Week of the Last Sunday after Pentecost, Reign of Christ
Dear Friends in Christ:
This past Sunday was the Last Sunday after Pentecost – Reign of Christ or Christ the King Sunday – which brought to a close another year in our church’s liturgical, seasonal calendar. This coming Sunday, November 28, is the First Sunday in Advent, which becomes a kind of liturgical “Happy New Year” for us as we embark on a new year of grace. In the three-year lectionary cycle, we now enter a year that features Luke’s Gospel on many of the Sundays of the year.
While we refer to the liturgical years as cycles, and that is true, as each year features the same festivals and seasons with lectionary readings appointed for a three-year repeating pattern, I invite you to think of our sacred time as spiraling, not simply cyclical. Yes, there are repeating cycles, but time also marches on into the future, namely, into God’s promised future when the divine promise is that Christ will come again to usher in the fullness, the completeness of God’s dominion even here on earth.
So, the cycles do not simply repeat themselves. While the festivals and readings do repeat, they offer the story of Christ and of God’s scriptural word in ever changing seasons and epochs of human and ecclesial history. This season of our life together in this world continues to be marked by the claims of the global pandemic. This season of our life together also features increasing concerns about climate change, as weather-related extremities are increasing in number and intensity from one year to the next. The timeless word will inevitably speak in new and poignant ways in relation to the particularities of our historical moments.
Because of the changes and chances of life, the appointed lectionary readings and the themes of the festivals that we observe and celebrate can take on new meanings for us. The timeless, changeless truths of God’s word erupt with nuances of meaning, renewed emphases on eternal meaning, which results in a freshness of the word in whatever season of history we enter into. In such ways, we come to understand anew that “Indeed, the word of God is living and active, sharper than any two-edged sword, piercing until it divides soul from spirit, joints from marrow; it is able to judge the thoughts and intentions of the heart.” (Hebrews 4:12)
Considering Advent, it is perhaps my favorite season of the church year, for a major feature of its energies anchors us in our present time, while pointing us also to God’s promised future. That is to say, Advent is not simply a looking back, though it involves that to be sure as we hear again proclaimed the ancient words of the prophets and others who heralded Christ’s first coming. And yes, Advent culminates in the celebration of Christmas, a looking back to the birth of Christ, but this time also reveals the ways in which God’s word becomes flesh, incarnate, among us even now. That said, again, Advent speaks directly to our particular time now, the between times of Christ’s first advent and the promise of Christ’s ultimate advent to come again to usher in the fullness of God’s reign of peace, well-being, of commonwealth for all people and all of creation.
Our contemporary in between times can be fraught, as if we are caught in a kind of limbo between what Christ started some two thousand years ago and that future promised time shrouded in mystery about when and how Christ will return. And this two-thousand-year (so far) history can seem like a long time, especially when the earliest Christians expected the immanent return of Christ perhaps even in their lifespans. But as I have been fond of saying in Bible Studies and sermons, two thousand years even in the time of human evolution and societal development, not to mention geologic and cosmic and divine time, is but the blink of an eye. While we might claim delay, from God’s perspective there may be no delay at all.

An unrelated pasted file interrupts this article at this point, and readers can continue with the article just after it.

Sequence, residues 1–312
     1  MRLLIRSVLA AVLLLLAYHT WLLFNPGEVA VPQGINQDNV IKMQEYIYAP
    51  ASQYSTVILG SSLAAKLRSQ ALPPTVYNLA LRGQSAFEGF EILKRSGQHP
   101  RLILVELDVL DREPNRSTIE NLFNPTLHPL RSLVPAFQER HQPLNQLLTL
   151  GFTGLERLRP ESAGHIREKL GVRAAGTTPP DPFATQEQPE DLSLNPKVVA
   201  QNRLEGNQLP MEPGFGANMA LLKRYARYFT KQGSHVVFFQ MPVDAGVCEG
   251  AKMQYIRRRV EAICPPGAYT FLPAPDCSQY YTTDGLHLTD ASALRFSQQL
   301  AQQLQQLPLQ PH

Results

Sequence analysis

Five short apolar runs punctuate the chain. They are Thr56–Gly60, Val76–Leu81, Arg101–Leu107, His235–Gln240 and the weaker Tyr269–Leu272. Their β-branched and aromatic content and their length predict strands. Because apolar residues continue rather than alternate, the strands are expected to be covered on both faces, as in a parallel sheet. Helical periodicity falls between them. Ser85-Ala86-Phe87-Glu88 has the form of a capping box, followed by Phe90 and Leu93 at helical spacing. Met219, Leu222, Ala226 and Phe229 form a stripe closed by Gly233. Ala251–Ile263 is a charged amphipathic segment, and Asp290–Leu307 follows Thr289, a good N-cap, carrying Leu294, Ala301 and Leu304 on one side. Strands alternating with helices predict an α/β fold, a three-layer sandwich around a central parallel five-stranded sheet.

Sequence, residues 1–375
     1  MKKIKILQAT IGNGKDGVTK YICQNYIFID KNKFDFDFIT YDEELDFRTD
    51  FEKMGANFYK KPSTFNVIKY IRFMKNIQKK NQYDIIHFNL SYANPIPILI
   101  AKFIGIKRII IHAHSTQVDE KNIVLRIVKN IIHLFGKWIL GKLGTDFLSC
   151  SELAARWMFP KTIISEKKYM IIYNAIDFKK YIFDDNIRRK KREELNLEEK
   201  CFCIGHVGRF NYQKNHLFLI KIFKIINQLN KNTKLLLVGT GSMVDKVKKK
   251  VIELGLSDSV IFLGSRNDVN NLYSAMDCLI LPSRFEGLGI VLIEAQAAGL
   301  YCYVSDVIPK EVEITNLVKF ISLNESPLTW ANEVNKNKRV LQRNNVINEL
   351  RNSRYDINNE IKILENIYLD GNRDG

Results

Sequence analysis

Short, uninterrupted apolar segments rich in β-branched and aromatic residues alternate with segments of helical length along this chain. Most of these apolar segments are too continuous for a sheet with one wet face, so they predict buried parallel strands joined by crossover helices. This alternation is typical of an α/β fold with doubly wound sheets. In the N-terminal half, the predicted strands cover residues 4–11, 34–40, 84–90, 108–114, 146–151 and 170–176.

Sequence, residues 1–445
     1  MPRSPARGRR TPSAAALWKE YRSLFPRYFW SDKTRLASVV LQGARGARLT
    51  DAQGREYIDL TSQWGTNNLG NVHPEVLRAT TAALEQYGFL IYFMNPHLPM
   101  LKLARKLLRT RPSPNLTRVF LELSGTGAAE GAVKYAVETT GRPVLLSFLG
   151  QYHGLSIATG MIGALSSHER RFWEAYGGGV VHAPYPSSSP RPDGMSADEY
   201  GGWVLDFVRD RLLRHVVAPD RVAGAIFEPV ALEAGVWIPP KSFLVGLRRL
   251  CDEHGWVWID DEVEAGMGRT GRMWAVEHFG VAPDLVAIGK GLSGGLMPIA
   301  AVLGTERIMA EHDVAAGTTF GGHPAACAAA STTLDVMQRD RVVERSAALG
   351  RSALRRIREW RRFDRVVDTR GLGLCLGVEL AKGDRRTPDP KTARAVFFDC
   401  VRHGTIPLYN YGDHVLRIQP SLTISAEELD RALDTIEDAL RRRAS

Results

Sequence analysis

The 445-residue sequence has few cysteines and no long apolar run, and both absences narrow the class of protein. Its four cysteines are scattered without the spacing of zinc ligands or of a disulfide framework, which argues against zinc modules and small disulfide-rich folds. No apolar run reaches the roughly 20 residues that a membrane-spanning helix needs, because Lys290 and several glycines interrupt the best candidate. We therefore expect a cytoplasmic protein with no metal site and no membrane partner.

And even amidst our already-but-not-yet epoch, we confess that Christ is fully present with us in word and sacrament, while the Holy Spirit continues through these means to guide us into all truth. Moreover, this is not wasted time, for God has been sending us on a mission for two millennia to proclaim in word and deed the good news of Christ in a world desperate for such good news.
Thus, as we continue to bask in Christ’s presence, and as we look to God’s promised future in Christ, Advent, finally, is a season of hopefulness, indicated by the seasonal color of blue which will be featured on the vestments that I wear and the cloth adorning the place of proclaiming the word. In Christ, we have abiding hope even amidst a seemingly hopeless time in the life of our troubled world. It is that spirit of hopefulness which makes the season of Advent so very compelling to me, and perhaps to you, too.
Here’s what you can expect programmatically in our life together as a congregation in the coming four weeks of Advent:
- Wednesdays in Advent (December 1, 8, 15, 22): Advent Evening Prayer via Zoom at 7:00 pm featuring Resurrection members who will offer reflections on what gives them hope in a seemingly hopeless time in our troubled world.
- Sunday, December 12 at 3:30 pm: A worship event for all ages, Parsonage outdoors, the Light of Christ in a season of shadows.
- Sunday, December 19 at 10:00 am: Service of Lessons and Carols as part of our usual Sunday worship.
- Sunday, December 19 after worship: decorating our church for Christmas.
- Sunday, December 19 at 5:00 pm: Christmas Caroling and Worship outside the Parsonage, an opportunity for those unable to worship with us indoors to share in singing and worship in anticipation of Christmas.
With abiding hopefulness in Christ Jesus as we await his advent now and in future days and years to come,
Pastor Jonathan Linman